Emergency: My Dog Ate Rat Poison

The first thing you’re going to do if you know your dog ate rat poison is grab the container with its label and CALL POISON CONTROL. NOW!


If your dog ate rat poison, call ASPCA Poison Control (888) 426-4435 or Pet Poison Helpline (855)764-7661 immediately. Have your credit card ready as there is a fee, but this is typically the first thing your veterinarian is going to tell you to do anyway. Before you hang up, get your case number from the representative, then call your veterinarian with the case number and tell the office you are on your way. Alternatively, you can call your veterinarian, give them all the details and have them call Poison Control while you are on your way, but this isn’t my first recommendation.

There are a few different types of rat poison, which is why it’s vitally important to know which kind your dog ate and hopefully approximately how much. Your veterinarian and Poison Control will use this information to formulate the best plan for saving your dog.

Do NOT wait for symptoms of poisoning to appear (see below).

Rat Poison Ingestion

When a dog eats rat poison or MAY HAVE eaten it, the first step, regardless of type of poison, is to make the dog vomit as soon as possible. It’s an important part of the decontamination process. Less is always better when it comes to rat poison, so if we can get some or most of it out of there it’s a good thing.

How to Make Your Dog Vomit

If you live far away from the veterinarian’s office, consider starting the decontamination process at home. To make your dog vomit, fresh 3% hydrogen peroxide dosed at 1 ml per kg of body weight can be given by mouth and repeated in 5 to 10 minutes if no success the first time. There are 15 mls in a tablespoon. This computes to 1.5 tablespoons for a 50-pound dog. No dog, regardless of weight, should be given more than 3 tablespoons per dose.

Activated Charcoal

The second part of the decontamination process is oral administration of activated charcoal, which binds to the toxin in the gastrointestinal tract, minimizing the amount of poison that is absorbed systemically as it makes its way through the GI tract. Activated charcoal is a form of carbon that filters out toxins and is administered by your veterinarian.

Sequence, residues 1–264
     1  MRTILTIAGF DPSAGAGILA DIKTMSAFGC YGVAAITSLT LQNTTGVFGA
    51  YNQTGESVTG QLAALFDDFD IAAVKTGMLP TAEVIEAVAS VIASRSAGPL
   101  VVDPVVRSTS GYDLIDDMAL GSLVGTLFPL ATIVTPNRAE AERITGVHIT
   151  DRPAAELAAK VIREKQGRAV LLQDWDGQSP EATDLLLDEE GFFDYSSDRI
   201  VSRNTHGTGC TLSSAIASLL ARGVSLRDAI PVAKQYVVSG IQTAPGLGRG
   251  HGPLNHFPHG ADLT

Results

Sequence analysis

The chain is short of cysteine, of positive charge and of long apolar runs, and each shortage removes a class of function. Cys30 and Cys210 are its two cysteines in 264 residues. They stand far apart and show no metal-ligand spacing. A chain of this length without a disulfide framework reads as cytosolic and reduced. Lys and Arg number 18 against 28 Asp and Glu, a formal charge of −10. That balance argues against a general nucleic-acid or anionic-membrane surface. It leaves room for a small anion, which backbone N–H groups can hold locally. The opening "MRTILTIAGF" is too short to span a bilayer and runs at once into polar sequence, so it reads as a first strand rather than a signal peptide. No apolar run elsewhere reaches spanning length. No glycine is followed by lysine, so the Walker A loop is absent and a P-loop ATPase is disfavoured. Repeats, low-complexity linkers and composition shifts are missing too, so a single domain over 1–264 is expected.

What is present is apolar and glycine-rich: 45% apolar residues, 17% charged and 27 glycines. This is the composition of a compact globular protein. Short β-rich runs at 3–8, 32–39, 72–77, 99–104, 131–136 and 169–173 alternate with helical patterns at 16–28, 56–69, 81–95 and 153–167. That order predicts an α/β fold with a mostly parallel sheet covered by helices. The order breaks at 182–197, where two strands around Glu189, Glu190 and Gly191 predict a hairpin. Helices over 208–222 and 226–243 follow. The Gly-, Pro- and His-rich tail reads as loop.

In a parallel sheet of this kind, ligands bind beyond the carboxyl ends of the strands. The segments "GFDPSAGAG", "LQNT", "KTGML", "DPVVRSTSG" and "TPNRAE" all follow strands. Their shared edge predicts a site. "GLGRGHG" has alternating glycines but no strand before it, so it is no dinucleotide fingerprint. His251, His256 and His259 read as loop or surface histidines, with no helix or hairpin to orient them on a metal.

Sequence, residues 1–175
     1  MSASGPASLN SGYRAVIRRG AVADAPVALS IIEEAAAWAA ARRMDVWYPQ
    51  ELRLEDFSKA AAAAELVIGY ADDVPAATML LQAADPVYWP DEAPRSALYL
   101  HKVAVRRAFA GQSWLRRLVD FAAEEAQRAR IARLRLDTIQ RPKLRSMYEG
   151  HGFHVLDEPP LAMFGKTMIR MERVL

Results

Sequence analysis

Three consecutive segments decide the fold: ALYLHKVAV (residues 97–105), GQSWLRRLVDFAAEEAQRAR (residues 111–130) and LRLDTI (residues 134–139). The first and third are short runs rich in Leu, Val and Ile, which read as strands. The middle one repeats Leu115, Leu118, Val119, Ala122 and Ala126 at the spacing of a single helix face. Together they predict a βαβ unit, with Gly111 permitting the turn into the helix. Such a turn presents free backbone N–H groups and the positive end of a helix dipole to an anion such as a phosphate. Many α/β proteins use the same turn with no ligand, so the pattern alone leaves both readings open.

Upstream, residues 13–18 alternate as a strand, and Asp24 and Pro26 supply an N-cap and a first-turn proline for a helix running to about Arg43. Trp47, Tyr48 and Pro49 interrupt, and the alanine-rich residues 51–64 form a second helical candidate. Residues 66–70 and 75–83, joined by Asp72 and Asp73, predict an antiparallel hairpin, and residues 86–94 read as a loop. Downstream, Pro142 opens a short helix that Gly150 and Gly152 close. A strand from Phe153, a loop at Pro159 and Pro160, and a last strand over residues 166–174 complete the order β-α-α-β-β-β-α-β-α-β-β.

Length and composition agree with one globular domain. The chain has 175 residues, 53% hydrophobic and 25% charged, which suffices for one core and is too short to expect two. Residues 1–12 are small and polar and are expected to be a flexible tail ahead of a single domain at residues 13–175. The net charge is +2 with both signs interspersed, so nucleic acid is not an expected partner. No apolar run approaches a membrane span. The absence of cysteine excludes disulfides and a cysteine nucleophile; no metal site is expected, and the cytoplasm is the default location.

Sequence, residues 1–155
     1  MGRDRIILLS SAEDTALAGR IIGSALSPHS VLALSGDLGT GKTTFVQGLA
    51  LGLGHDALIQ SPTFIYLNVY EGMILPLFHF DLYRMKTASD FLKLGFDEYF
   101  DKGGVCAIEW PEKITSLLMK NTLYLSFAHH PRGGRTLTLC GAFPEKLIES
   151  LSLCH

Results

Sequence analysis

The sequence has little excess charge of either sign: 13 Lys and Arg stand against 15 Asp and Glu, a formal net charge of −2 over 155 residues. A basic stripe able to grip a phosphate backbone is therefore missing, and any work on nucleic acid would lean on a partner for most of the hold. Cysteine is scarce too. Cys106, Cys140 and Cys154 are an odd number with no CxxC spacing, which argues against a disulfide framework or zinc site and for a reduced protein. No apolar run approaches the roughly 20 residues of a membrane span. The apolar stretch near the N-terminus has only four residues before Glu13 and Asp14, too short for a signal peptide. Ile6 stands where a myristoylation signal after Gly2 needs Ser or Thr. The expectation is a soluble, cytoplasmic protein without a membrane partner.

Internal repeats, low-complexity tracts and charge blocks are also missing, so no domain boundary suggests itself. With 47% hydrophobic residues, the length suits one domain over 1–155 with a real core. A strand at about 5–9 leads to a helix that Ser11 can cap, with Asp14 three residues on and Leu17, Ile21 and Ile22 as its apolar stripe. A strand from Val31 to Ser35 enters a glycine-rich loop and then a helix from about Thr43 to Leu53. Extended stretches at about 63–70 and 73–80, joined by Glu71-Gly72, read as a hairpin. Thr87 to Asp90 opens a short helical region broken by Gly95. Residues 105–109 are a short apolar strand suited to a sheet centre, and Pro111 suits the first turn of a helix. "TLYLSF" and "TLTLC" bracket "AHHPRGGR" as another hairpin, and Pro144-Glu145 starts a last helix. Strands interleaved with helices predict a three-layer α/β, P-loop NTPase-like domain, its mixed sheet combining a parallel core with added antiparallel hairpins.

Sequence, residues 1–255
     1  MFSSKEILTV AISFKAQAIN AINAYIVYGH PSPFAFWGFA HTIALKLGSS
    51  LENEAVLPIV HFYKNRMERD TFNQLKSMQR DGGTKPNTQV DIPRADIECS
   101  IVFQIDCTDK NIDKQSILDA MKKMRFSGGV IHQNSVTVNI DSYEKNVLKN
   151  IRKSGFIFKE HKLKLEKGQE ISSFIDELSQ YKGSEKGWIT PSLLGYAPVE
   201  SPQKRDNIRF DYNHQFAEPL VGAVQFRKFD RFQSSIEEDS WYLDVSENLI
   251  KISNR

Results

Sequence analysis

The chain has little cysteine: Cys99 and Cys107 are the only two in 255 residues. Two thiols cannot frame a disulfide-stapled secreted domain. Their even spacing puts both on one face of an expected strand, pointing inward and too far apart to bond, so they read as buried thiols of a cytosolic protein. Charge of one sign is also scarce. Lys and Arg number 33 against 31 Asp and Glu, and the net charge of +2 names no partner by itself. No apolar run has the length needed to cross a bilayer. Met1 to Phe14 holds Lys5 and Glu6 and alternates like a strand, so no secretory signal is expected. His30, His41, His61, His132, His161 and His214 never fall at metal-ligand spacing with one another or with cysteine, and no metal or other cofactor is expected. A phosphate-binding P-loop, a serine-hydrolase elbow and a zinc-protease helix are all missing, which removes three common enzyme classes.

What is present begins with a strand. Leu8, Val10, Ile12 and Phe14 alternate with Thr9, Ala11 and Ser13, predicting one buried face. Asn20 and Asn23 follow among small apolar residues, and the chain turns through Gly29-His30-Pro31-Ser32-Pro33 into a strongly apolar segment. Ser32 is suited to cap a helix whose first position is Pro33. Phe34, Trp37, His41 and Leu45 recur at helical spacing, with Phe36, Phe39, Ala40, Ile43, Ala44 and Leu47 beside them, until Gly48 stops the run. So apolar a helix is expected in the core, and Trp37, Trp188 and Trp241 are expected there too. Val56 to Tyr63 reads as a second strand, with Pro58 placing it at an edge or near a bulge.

Prognosis Depends on the Rat Poison

The next step and prognosis depend on which poison the dog ate and how much.

The anticoagulant rat poisons (brodifacoum, bromadiolone, diphacinone, warfarin) are treated with vitamin K, usually for several weeks.  Fortunately, this is an effective antidote. It can take 36 to 72 hours for symptoms to appear. Don’t wait for symptoms to develop. Symptoms of anticoagulant rat poison include:

  • Bruising
  • Petechial hemorrhages (red dogs on the skin)
  • Bloody urine
  • Blood in stool
  • Bleeding gums
  • Distended abdomen (internal bleeding)
  • Trouble breathing (bleeding into or around the lungs)
  • Weakness
  • Lethargy
  • Death

Unfortunately, there is no antidote for the neurotoxic rat poison (bromethalin), so you pray they didn’t eat too much. With rapid and prolonged decontamination and supportive care, some dogs will recover and survive. Symptoms of neurotoxic rat poison with high doses include (within 4 to 36 hours):

  • Drooling
  • Vomiting and diarrhea
  • Fever
  • Tremors
  • Seizures

With low doses (within 1 to 4 days) symptoms include hind-limb weakness and incoordination that progresses over seven to 10 days to depression, tremors, hind-limb paralysis, and death.

Rat poison is one of the most toxic agents found in households. Store it wisely, and keep all pets away from it.


  1. My parents previous dog ate rat poison. I was visiting as I think it was a holiday or a Saturday close to a holiday. I was the only one that noticed she wasn’t her usual self. Upon questioning my Dad said she ate some rat poison but not enough to hurt her at her weight. I made him show me the bag and then I googled it. I don’t remember which one but the county had changed the formula and it was more potent and serious, even at her weight. I made them take her to the emergency veterinary hospital immediately. They tested her and after 20 in her blood still wouldn’t coagulate. They kept her over night. She was well enough to go home the next day. The vet said she was lucky in that if she had started to bleed she wouldn’t have stopped and would have bled out. My parents were very grateful she survived. My Mother paid the bill and didn’t tell my Dad how much it was. I think it was about $1,500. When she came home on Sunday I told my Dad no more rat poison in the yard. No insecticide sprays either. He’s going organic from now on and if he loses any fruit or vegetables, that’s too bad.

    Candy lived for another 7 years and died at a ripe old age of 13 years 9 months. A good life for an obese Labrador. And she enjoyed every minute of it.

    I use rat bait but I have dog proof containers for it and the blocks are locked inside. While they like to play with the live field mice if they can catch them once they are dead they lose interest and do not eat them.